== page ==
A Fairly Average Life

I'm a big fan of a few things--moderation, self-deprecation, humility, humor--that I don't always put into practice very well.  

Moderation--ha, tell that to the sleeve of graham crackers I ate yesterday.  Immediately after a full meal.  

Self-deprecation...well, sometimes I accidentally back people into a corner.  
"You look nice!"  "Pah!  Nice!  If only I'd lose some weight and actually iron my clothes and for that matter WASH them and by the way look at this gross stain!"  "I'm completely uncomfortable and have no clue what to say."

Humility.  Don't even want to go there.

And humor--crack jokes, sure.  Be the butt of a joke?  NO THANK YOU.  Smile sarcastically and find a place to cry later, that's me.

But those are four things I'm trying to keep in mind as I think through this little dilemma in my little head.  Because here's the deal--I'm fascinated by beauty and posed pictures and flattering angles and positive messages as much as anyone, or maybe more--but I'm wondering if we're getting out of hand.

I scrolled through my instagram feed this morning, and after about 30 photos, realized that only 2 or 3 were truly candid shots of "real life."  By this I mean, the light wasn't perfect, they were actually taken with a cell phone camera, smiles were maybe a little goofy...but I liked them just as much as I liked Anthropologie's magazine-worthy snapshot of breakfast or whatever.  For different reasons, of course, but I liked them just the same.  

Now, I definitely understand Anthro's need to present themselves fairly perfectly.  They have a brand to maintain.  Also, I pretty much only want to post flattering photos of my sweet baby girl--because it's not her fault she makes weird faces sometimes, and I love her, and I only want to promote the best of her!  So I get it.  There are a million reasons to put our best faces forward, posed, poised, perfect.

But isn't there room for moderation?

When I want to snap a picture, instead of moving my smiling baby away from my pile of (hopefully still) clean laundry that has been waiting to be folded for a few days, what if I just embraced that she actually does live in a decently messy house?

What if I didn't put concealer over my facial blemishes, and instead let them stay clean so they could heal more quickly?

What if, when people ask how my parents and the kids are doing, I kindly suggest they google "support for adoptive families" to see how many different hits they would get.  They're doing great, thank you, but frankly it's hard enough to be a human, let alone to do life with other humans.

I think humor is good to mix in, too.  It helps us connect with each other.  Laughing is powerful.  So is humility.  When I see a beautiful girl look less than perfect, I am strengthened by her ability to be confident no matter what.  Side note:  some of the most Barbie-beautiful girls I've met have also been the most self-conscious.  Surely I'm not the only one who has noticed this.  Their words and body language are blatantly obvious and very consistent.  I hate that for them.  Is there extra pressure to be that pretty?!  To us non-Barbie girls:  apparently life is easier when we're not an 11 on a scale of 1-10.  Be blessed.  To loosely quote my brother-in-law, "Girls who haven't always been pretty have to develop personalities."  I bet we've all been that girl for at least a day...or a few years...or always...tomato tomahto.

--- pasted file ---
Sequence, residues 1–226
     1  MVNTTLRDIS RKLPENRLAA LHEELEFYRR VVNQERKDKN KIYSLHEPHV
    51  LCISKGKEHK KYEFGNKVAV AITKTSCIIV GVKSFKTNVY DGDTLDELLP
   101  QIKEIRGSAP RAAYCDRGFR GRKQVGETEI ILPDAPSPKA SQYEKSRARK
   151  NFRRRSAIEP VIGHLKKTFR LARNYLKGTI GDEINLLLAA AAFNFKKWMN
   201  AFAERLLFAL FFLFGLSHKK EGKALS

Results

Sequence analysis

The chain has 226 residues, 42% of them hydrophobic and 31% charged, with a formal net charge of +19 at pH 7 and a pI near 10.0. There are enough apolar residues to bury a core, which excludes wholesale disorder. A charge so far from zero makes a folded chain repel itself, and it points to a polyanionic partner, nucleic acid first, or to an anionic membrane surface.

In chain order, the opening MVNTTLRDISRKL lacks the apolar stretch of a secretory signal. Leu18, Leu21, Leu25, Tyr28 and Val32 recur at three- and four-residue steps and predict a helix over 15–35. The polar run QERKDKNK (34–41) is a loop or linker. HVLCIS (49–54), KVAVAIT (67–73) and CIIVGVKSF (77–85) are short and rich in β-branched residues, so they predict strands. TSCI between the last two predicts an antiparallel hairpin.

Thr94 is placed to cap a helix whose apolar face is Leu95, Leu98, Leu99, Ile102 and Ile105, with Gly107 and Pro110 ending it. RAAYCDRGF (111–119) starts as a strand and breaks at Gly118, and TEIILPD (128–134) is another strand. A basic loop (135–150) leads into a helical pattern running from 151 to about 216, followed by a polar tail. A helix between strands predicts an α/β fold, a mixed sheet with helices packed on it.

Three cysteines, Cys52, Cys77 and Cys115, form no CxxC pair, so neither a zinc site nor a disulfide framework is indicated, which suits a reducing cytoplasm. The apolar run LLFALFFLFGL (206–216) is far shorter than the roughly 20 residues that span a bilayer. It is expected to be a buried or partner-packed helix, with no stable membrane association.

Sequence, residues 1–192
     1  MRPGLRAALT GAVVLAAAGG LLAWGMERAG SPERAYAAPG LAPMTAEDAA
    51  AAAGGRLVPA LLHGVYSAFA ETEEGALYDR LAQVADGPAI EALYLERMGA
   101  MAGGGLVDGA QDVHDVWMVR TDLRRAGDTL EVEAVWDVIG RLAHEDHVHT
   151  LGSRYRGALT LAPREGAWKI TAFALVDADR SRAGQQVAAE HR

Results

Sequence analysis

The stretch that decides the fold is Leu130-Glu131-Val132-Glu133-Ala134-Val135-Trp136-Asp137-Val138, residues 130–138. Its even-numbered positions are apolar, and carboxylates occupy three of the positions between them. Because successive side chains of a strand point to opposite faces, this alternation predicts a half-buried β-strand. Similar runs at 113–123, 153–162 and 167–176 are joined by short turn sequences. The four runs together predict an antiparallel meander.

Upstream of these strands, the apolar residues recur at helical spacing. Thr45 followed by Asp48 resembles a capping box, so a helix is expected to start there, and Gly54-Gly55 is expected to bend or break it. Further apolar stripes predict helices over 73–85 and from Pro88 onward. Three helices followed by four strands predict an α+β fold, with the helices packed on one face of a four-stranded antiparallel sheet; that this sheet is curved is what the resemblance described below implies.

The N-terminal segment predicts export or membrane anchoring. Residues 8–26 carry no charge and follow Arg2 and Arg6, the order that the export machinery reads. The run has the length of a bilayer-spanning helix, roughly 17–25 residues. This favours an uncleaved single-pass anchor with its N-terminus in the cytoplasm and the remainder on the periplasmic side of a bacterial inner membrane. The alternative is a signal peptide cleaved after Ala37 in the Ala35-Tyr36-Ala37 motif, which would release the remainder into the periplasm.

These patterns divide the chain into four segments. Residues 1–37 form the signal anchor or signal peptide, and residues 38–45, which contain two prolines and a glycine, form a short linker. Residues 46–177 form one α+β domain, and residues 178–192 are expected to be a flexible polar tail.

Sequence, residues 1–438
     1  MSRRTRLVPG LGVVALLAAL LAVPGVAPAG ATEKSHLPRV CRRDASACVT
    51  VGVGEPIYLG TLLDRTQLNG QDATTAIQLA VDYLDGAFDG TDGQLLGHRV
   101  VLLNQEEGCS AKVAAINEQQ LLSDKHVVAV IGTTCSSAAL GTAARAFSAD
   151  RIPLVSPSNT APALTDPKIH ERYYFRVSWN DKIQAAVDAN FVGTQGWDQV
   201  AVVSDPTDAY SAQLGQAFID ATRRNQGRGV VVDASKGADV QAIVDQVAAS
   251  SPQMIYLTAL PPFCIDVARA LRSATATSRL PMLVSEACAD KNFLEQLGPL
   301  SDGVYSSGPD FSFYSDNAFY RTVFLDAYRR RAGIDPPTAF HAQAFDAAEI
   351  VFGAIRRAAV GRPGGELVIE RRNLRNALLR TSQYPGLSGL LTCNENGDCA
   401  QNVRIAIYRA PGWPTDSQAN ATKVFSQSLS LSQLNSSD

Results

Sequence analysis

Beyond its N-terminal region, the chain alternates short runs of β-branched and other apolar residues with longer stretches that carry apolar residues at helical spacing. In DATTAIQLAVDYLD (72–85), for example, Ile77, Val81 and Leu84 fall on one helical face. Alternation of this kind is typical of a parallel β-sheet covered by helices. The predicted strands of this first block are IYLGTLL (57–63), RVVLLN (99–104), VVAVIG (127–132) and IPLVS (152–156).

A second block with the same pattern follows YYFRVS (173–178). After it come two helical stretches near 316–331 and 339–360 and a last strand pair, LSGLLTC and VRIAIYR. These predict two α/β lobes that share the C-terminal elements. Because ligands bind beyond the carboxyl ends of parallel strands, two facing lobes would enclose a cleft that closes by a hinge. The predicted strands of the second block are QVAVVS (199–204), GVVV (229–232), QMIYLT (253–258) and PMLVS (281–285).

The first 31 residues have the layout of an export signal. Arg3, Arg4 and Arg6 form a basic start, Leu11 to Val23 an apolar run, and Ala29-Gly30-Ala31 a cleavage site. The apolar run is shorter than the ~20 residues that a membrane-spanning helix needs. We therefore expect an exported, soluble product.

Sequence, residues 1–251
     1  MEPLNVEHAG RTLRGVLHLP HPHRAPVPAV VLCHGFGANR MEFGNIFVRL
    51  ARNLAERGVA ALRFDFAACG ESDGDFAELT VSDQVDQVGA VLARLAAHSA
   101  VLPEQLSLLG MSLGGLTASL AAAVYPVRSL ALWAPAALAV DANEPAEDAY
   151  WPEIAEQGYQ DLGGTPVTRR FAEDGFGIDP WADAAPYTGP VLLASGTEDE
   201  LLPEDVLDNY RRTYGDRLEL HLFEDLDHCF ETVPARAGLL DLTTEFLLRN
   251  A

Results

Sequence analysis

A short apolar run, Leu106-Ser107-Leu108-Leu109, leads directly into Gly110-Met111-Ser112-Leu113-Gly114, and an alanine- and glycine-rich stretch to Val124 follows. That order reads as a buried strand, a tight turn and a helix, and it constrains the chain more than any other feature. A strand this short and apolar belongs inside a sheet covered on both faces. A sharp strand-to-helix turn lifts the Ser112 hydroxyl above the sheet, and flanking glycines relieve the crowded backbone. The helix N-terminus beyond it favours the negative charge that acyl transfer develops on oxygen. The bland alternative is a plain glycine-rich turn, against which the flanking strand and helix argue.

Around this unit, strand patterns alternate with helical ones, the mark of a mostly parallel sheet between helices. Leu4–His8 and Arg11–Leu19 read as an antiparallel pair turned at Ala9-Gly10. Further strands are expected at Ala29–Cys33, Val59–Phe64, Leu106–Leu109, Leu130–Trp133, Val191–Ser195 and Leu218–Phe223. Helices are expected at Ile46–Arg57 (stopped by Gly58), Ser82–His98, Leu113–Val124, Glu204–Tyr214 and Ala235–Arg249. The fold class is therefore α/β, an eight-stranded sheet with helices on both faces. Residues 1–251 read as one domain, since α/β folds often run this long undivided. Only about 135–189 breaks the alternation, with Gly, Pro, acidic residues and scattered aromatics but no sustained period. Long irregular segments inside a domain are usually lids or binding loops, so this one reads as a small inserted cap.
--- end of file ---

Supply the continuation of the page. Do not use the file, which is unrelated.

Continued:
Now, moderation is still important.  I think we can self-deprecate in a humble, friendly, maybe even funny way, so we're more approachable.  But we can also make other people uncomfortable and, worse, actually start to believe some of the play-insults we lay on ourselves.  So be careful.

My amazingamazingamazing (she would hate I used that word!) high school English teacher taught me that a good persuasive piece should end with a call to action.  So here it is.

Let's pursue moderation over perfection.  Trends change too quickly to keep up with.  One minute is paleo, the next it's minimalism, the next it's camping and then we're partying on the 43rd floor of some high-rise.  All these things are fun, and each are great fits for some people, but I think the best trend is timelessness, and that's you.  And me.  We're timeless, because of Who made us.  

We're beautiful when we're young and awkward, older and able to properly apply makeup, in the morning with gross breath, on our wedding days with a full team of beauticians, and covered in mud at the family reunion.  We throw parties that not many people come to.  We don't always buy the perfect gift, but dang it, sometimes WE DO.  We accidentally-on-purpose eat all the ice cream, even though we instagrammed a photo of a gorgeous salad this afternoon with the caption could eat this every day!!  (yeah freaking right).  Some outfits make us look fat.  That's all okay.  It's as okay as looking perfect.  It's all good.  

So, if you want, instagram an imperfect photo (bad light, weird expression, messy house, whatever) that you WISH you could love (because it's of you and your hubby, your messiest room is your most favorite room, your salad really does look amazing even though people are sick of #foodporn photos, whatever) because having a fairly average life is something to be proud of.  And I want to see what you're secretly proud of.  #fairlyaveragelife so I can see, please.  Because I'm nosey.  K thanks love you.


Rebecca EggerComment